Analysis
11 Dec 18

The rise of employee mobility solutions and subscription models 

Mobility for all employees, including commuting and professional travelling, is or will be a priority for corporates. This is a transversal responsibility where HR, finance, legal, procurement and fleet managers are concerned.

According to Wikipedia, vehicle subscriptions are a type of business model where a customer pays a periodic fee for the use of one or more vehicles. The difference between a vehicle subscription and buying a vehicle is that the subscription service retains ownership of the vehicle. Many subscription services offer more flexibility than leasing in terms of minimum term and the ability to swap between vehicles. 
Vehicle subscriptions have been variously identified as part of the sharing economy or the subscription economy. Vehicle subscriptions have also been classified as a form of transportation-as-a-service and as a form of mobility-as-a-service.

Vehicle subscriptions have been available since at least 2014. The start-up Clutch Technologies launched a subscription service for consumers in Atlanta in mid-2014. Flow Automotive Companies was the first automotive dealership to offer a subscription service, launching Drive Flow in Winston, Salem in 2016, using Clutch's technology platform. 2017 saw several automotive manufacturers announce and launch subscription services, including Book by Cadillac, Porsche Passport, Care by Volvo and Canvas (backed by the Ford Motor Company). By 2018, a number of start-ups and automotive dealership companies had launched subscriptions in multiple markets.

Company cars are only a part of mobility solution.

For long, mobility meant managing a fleet, either perks for executives or service cars for sales and operations. In most corporates it was also about ensuring low rates for renting a car (short term) and providing guidelines for train, planes and hotels for business trips. That responsibility was split between procurement, HR and fleet management.

In Europe, a substantial percentage of company cars are perk cars for managers, essentially to commute and to use privately during the weekends or holidays. They are an element of a mobility policy but it is first an element of a revenue policy for corporate. They are an efficient way to optimise remuneration packages. However, perk cars will be eliminated once tax/social subsidies are removed. The new private lease offer might accelerate that trend. Actually, in some cases, it is already more tax efficient to contract privately and ask for mileage indemnity rather than having a company car. It is worthwhile doing the calculation considering VAT, social contributions, corporate company car taxes (based on CO2 in particular) and expected mileage to make the most efficient choice.

In the US, where there is no particular tax benefit for company cars, there are almost no perk cars. People buy the car they want and ask for reimbursement when allowed.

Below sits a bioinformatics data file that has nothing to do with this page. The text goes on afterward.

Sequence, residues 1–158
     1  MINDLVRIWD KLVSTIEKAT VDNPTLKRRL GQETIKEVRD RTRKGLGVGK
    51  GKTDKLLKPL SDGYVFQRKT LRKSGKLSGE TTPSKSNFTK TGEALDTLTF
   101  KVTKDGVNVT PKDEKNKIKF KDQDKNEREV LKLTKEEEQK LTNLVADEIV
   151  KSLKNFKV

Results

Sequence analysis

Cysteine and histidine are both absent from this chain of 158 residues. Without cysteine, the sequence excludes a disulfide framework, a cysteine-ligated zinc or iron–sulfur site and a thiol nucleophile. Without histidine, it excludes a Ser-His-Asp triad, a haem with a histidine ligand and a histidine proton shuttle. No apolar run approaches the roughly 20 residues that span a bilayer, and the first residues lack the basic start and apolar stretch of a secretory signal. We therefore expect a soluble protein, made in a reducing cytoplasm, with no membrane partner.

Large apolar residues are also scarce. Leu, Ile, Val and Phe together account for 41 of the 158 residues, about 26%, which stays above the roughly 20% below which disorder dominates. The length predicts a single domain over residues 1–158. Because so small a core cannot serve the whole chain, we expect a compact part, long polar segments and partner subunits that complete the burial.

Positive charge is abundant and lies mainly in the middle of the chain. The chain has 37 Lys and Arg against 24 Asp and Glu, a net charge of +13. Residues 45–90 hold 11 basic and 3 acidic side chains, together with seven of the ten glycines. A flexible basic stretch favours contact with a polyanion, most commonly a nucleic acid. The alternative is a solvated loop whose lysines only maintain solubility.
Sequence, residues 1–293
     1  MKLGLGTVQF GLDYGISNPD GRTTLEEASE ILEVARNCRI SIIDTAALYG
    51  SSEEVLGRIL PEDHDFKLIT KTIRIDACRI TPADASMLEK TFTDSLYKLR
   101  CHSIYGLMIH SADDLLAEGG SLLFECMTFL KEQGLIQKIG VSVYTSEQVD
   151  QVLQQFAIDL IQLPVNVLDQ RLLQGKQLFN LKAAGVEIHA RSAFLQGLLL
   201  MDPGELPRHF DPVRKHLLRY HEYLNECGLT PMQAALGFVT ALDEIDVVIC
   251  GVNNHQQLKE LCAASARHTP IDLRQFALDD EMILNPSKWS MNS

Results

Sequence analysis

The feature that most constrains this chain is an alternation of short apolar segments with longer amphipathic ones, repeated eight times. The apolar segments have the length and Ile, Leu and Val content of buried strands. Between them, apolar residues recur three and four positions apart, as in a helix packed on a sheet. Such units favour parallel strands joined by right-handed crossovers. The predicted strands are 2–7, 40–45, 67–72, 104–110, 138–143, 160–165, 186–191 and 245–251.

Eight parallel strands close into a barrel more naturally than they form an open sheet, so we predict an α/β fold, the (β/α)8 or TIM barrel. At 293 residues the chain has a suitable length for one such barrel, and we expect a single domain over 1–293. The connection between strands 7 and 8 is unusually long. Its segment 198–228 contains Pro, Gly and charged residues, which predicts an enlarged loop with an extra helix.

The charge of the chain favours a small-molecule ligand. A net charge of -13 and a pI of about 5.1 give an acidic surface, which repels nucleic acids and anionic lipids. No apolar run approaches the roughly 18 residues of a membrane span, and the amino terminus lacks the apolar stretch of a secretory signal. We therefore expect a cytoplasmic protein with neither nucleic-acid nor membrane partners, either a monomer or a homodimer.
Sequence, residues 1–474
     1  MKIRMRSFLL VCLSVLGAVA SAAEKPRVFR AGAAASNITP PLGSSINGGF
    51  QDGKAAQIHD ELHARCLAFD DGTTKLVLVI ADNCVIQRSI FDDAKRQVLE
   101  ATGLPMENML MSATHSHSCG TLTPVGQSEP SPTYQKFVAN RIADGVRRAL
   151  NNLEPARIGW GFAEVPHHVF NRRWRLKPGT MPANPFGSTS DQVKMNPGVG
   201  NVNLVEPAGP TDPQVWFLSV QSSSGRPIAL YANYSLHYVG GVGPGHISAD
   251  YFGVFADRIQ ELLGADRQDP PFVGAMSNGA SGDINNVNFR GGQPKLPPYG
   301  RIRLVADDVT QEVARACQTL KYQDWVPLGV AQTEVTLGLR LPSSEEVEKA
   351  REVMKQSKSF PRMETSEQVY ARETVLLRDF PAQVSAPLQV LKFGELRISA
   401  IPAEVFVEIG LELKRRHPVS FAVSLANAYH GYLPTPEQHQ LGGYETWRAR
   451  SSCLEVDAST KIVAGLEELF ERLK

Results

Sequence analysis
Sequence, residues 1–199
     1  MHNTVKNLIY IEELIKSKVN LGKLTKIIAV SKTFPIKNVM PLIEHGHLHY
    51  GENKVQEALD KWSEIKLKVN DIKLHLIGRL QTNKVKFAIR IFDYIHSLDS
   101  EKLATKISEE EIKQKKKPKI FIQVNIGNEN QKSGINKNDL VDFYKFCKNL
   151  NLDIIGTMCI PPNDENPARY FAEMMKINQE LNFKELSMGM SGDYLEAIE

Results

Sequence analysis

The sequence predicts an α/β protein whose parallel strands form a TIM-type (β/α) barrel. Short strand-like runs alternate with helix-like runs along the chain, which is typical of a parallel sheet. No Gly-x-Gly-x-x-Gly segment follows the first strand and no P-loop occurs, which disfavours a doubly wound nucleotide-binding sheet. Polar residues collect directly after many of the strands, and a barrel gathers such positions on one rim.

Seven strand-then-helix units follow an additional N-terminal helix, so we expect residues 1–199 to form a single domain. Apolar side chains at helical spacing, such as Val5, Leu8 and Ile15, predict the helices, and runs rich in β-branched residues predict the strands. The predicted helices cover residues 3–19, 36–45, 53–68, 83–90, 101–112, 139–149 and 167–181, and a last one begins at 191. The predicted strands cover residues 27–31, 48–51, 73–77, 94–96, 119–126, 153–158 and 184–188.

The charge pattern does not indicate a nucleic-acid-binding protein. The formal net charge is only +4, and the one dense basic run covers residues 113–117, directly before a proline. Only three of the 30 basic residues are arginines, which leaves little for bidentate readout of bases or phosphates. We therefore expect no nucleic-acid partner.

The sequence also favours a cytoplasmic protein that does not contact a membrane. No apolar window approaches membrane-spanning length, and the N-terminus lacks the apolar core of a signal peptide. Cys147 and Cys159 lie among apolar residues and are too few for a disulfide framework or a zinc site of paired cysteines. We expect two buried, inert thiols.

Recently, I have seen young people refusing a company car because they had nowhere to park it at home or did not want to commute in a car because of traffic jams. Companies will face more and more people looking for other solutions than a traditional company car and asking for a budget and flexibility to choose the most efficient way to move, especially in big cities.

Leasing companies and OEM are perfectly aware of those future changes and they are preparing by creating private lease offerings and mobility programmes.

Subscription models will enlarge the scope of mobility solutions

Both offers, private lease and car subscriptions (including car/scooter/bike-sharing and e-healing platforms), will contribute to optimising mobility solutions and they will certainly be considered as complementary or alternative solutions to existing company car policies. 

To expand the scope of benefits, some corporations have started offering their employee access to a company car years ago through salary sacrifice when it was not yet possible to have a private lease contract. Nowadays a private lease, in a B2B2E context could be a much easier solution.

Salary sacrifice means you agree to exchange part of your salary so you can get extra benefits from your employer. Benefits offered can include child care vouchers, a company car and additional pension contributions.

Corporate responsibilities have expanded and HR divisions are getting more and more involved in quality to combine private and professional environments. This includes affinity programmes in big corporates: HR and procurement negotiate leasing rates to be applied to their employees. It is likely the initial network independent lessors like ALD, Arval or LeasePlan will also develop private leases.

Uber employees are given a subscription to use Uber for moving from home to their offices in some cities. Some corporates have been allowing taxis (Uber, Taxify or others) for their sales employees when their cars were banned in city centres because of excessive air pollution. It is all about providing more flexibility to reduce costs and improve the efficiency of transportation means.

The mobility concept is a global concept. Corporates are already looking at TCM (Total Cost of Mobility) and we can expect a progressive consolidation of mobility costs where subscription models will be used as an economical alternative to company cars or various kinds of company expenses (taxis, trains, etc…). 

Image: Care by Volvo lets you choose a car from the comfort of your home (source: Volvo Cars)

Author: Pascal Serres, Global Fleet expert

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